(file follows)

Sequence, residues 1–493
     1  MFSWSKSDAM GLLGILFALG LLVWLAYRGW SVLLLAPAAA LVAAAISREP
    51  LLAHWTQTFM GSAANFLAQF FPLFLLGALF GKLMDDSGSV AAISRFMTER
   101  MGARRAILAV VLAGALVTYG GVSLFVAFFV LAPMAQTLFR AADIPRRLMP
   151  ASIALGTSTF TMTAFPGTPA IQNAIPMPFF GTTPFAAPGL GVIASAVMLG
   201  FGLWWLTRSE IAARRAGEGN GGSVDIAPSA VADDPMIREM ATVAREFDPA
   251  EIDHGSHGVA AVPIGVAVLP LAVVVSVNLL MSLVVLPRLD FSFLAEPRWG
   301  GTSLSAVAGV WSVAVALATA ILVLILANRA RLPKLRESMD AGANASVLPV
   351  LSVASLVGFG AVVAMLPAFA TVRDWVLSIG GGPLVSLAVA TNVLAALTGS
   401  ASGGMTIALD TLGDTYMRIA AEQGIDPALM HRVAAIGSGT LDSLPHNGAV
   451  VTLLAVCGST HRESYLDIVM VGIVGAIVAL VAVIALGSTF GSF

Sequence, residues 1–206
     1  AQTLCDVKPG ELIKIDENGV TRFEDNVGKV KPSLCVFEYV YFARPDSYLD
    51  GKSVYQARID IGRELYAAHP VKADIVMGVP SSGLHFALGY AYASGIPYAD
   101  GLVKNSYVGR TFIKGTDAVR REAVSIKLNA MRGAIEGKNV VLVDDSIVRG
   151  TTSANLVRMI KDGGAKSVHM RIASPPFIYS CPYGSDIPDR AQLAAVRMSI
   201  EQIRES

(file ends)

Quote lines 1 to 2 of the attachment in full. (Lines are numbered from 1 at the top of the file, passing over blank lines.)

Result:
Sequence, residues 1–493
     1  MFSWSKSDAM GLLGILFALG LLVWLAYRGW SVLLLAPAAA LVAAAISREP